Chesterton Tribune

Records fall in Indy and Fort Wayne Thursday

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INDIANAPOLIS (AP) — Thursday will go down as the hottest day ever for many Indiana locales, and the steamy temperatures will stick around for at least another day.

The National Weather Service said a large ridge of high pressure brought in the hottest temperatures in nearly 80 years. The temperature soared to a record 106 degrees in Fort Wayne and Evansville and 104 degrees in Indianapolis. For other cities, it was the hottest it’s been in Indiana since 1988.

Because of the heat, Fort Wayne opened three pools free of charge on Thursday. Jenny Barney, lead supervisor for the aquatic department at the North Side pool, said all three were at capacity within a half-hour of opening.

"If we didn’t have a steady breeze it would be miserable, but there’s a steady nice breeze so it kind of kept everyone at bay,” she said. “But if we didn’t have that breeze we would have had trouble as far as people feeling the heat.”

The 106 degree temperature in Fort Wayne tied the city’s record, set three times before. In Evansville, 106 degrees was the highest temperature the southwestern Indiana city had seen since July 15, 1936.

The 104 degrees in Indianapolis was the record high for the day and for the month of June, breaking the mark of 101 set on June 28, 1934. It was the hottest day in the Indianapolis area since the temperature hit 104 on July 14, 1954.

The temperature hit 105 in Muncie and Terre Haute; 103 in Bloomington and Shelbyville; 102 in Goshen and Kokomo; and 100 in Gary, South Bend and Lafayette.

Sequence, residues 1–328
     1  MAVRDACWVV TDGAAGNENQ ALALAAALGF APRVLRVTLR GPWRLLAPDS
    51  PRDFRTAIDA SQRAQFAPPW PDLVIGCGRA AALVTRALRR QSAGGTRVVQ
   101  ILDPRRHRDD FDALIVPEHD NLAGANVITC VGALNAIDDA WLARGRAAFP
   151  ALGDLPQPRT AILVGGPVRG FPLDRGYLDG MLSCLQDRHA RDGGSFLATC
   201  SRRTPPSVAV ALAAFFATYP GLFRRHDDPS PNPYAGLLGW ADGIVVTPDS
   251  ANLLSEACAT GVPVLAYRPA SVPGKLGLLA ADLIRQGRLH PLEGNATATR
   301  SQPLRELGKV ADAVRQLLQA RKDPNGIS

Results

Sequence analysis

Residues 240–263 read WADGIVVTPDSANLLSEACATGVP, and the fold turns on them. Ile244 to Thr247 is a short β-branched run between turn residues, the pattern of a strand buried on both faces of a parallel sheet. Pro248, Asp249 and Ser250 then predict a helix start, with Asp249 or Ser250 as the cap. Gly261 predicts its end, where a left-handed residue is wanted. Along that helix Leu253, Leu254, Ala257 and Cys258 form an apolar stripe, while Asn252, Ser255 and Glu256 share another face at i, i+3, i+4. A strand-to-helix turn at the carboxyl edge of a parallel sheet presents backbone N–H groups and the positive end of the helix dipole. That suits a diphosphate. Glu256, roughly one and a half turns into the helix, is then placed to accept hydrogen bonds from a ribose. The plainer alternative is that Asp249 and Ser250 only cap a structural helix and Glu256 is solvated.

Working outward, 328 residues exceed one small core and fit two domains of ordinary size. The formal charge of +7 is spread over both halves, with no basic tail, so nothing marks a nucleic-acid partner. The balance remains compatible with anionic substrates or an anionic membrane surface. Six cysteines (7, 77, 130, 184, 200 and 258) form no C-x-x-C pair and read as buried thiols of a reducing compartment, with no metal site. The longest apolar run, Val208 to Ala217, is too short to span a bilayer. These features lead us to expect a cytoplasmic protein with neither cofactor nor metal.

The weather service was predicting more hot weather Friday.

Cooling centers were opened in many places across Indiana. The Salvation Army reported that it opened cooling centers in more than two dozen cities.

Maj. John Turner says he doesn’t know how many people are using the centers. He says he was at one of the cooling centers in Indianapolis several times Thursday. At times, he said, there were just a few people there and other times, there were more than a dozen.

“It seems they are coming in and getting some relief and leaving,” he said. “It gives them the chance to commiserate with other people going through the same thing.”

The Center Grove Daily Journal reports the water level of a Johnson County water tower south of Indianapolis could give firefighters trouble because it is down to 4 feet. It normally should be at 30 feet.

Water officials tell the newspaper that Bargersville residents have been averaging using about 7 million gallons of water per day, which is more than the town’s water plant is created to handle.

WISH-TV reports more than 40 Bishop Chatard High School students went to downtown Indianapolis on Thursday to pass out water to those in need.


Posted 6/29/2012